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Making a Business Lasting Power of Attorney (LPA)

Here at Hodge Jones & Allen we advise clients of the advantages and peace of mind that comes when they have put in place Lasting Powers of Attorney Documents (LPA)’s for their personal affairs.

We discuss with clients who are making Wills the benefits of putting LPA’s in place much earlier in life then they usually would to deal with their Property and Finances and Health and Care decisions. LPA’s provide protection to them and their loved ones if a time should come in the future where they are mentally or physically incapable of making such decisions for themselves. Attorney/s of their choice, whom they trust, can step in, even temporarily to deal with the payment of bills, property matters, banks, investments and income tax matters.

If they cannot make decisions regarding their care, the Attorney/s can make decisions in respect of their daily routine such as washing, dressing, eating, medical care and moving into a care home or rehabilitation, if needed. This can provide vital help to the Donor of the LPA’s and their dependents at such a time and means that important decisions can be undertaken quickly and in their best interests.

The relatives of someone who has experienced sudden incapacity because of an illness such as a stroke or accident often approach us at this difficult time. In these circumstances if an LPA has not been put in place the only option is for someone who needs to deal with the persons affairs to make an application to the Court of Protection to be appointed as their Deputy. This course of action is lengthy and expensive and could have been avoided if the person had made an LPA. Making an LPA in respect of Property and Finances is particularly important for business affairs and we find is often overlooked in practice.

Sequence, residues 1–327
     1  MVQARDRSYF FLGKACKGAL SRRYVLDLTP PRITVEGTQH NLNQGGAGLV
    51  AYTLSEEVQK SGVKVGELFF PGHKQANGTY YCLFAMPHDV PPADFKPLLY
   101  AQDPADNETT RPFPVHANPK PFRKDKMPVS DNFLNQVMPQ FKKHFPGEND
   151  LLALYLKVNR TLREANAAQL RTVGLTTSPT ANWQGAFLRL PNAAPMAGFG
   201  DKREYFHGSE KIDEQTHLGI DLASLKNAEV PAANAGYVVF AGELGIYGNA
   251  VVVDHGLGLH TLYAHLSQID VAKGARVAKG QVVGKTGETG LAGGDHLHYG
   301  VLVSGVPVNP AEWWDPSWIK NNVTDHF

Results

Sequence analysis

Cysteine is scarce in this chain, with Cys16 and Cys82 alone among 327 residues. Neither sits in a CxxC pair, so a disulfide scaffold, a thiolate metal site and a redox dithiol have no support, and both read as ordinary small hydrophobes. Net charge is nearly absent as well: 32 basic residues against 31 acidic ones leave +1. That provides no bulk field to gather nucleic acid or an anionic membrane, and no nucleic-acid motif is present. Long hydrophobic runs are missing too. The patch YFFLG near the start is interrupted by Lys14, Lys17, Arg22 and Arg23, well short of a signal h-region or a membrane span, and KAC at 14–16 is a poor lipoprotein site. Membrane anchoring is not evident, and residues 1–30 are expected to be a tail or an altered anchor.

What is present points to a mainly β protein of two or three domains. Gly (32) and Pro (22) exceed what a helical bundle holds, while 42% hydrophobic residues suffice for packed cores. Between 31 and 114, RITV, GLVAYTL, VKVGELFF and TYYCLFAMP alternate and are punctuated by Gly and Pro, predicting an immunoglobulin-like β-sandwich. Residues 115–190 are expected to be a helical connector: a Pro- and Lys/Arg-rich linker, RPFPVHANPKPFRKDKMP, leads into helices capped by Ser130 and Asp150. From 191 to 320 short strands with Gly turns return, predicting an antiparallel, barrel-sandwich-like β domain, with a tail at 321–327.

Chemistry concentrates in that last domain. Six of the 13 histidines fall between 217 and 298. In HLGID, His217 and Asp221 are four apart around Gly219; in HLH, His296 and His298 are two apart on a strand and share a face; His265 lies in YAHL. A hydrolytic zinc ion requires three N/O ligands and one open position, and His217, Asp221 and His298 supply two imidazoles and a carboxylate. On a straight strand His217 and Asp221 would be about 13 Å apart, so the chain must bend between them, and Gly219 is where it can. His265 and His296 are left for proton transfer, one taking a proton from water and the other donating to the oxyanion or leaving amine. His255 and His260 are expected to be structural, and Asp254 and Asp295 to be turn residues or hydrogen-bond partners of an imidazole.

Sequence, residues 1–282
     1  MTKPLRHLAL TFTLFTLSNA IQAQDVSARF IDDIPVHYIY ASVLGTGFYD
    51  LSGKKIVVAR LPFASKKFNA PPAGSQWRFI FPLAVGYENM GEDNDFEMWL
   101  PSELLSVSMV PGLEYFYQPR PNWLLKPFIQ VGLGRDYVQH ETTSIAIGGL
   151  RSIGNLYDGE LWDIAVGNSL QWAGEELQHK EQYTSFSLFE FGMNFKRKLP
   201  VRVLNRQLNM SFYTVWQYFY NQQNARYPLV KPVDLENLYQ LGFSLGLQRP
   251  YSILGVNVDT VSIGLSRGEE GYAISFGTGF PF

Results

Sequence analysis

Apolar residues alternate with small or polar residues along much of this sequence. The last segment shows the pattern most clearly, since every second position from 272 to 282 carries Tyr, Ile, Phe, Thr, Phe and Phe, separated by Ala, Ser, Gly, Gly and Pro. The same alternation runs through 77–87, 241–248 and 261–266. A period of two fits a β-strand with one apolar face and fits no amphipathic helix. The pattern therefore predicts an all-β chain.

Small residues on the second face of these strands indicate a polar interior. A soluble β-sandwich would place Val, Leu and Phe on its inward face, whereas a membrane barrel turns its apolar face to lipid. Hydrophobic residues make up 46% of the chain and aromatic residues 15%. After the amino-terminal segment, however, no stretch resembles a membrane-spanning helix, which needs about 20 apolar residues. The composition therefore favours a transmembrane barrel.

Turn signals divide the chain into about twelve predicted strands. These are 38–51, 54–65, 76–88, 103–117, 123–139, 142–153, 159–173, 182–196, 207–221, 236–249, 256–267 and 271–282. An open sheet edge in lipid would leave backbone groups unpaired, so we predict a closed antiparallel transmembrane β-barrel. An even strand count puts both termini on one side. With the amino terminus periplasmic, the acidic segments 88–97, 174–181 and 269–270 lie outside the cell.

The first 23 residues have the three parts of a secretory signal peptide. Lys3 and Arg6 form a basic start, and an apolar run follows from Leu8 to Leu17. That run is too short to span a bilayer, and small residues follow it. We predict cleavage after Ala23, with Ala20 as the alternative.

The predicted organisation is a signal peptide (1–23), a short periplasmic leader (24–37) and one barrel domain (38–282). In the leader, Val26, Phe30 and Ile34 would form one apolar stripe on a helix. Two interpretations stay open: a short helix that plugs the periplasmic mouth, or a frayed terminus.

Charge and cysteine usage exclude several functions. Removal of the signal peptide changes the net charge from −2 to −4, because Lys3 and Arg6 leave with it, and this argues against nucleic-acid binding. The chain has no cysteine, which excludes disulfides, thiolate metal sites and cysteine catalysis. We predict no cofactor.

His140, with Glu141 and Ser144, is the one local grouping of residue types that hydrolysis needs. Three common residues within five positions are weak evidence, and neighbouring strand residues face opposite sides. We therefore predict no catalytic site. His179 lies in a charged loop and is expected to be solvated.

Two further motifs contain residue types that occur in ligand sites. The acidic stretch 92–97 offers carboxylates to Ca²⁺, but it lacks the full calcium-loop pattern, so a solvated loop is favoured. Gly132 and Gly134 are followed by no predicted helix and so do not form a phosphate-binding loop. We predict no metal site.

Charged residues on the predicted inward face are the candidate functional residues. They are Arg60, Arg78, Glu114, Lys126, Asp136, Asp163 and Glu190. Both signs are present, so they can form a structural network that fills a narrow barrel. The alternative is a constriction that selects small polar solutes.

Business Lasting Power of Attorney

These are important to consider if you are a business owner, as if you are rendered incapable through illness or accident of dealing with your business affairs this can have a detrimental effect on the business. If a business LPA has not been made a Deputy will need to be appointed through an application to the Court of Protection. During the wait for a Deputyship order many important decisions cannot be made such as transactions, accessing bank accounts, paying staff and suppliers, and entering into new contracts, A Deputyship order quite often results in a person who you would not have intended or chosen to deal with your business affairs being appointed. They may have no day- to -day knowledge of your business and may be unsuitable.

When considering putting in place a business LPA after you have carefully reviewed your governance documents, it is crucial to consider the suitability of the Attorneys to act to ensure they have the requisite knowledge of your business. Any Instructions and Guidance that would be appropriate given the nature of your business can be included. We can include instructions that your chosen Attorney/s can charge for their services if professional Attorney/s are deemed as suitable by you. We usually find in practice that Attorneys you may have appointed for your personal assets may not always be best suited to acting under a Business LPA.

By putting in place business LPA’s you and your business can ensure continuity until your return to ensure the business runs as efficiently as possible during your incapacity and that the LPA runs in conjunction with any personal LPA you may have in place. Thinking about and putting LPA’s in place prior to sudden illness or accident can provide much peace of mind at what would be already a difficult time.

Please speak to a member of our Private Client team to find out more. Call 0808 271 9413 for confidential advice or request a call back online. 

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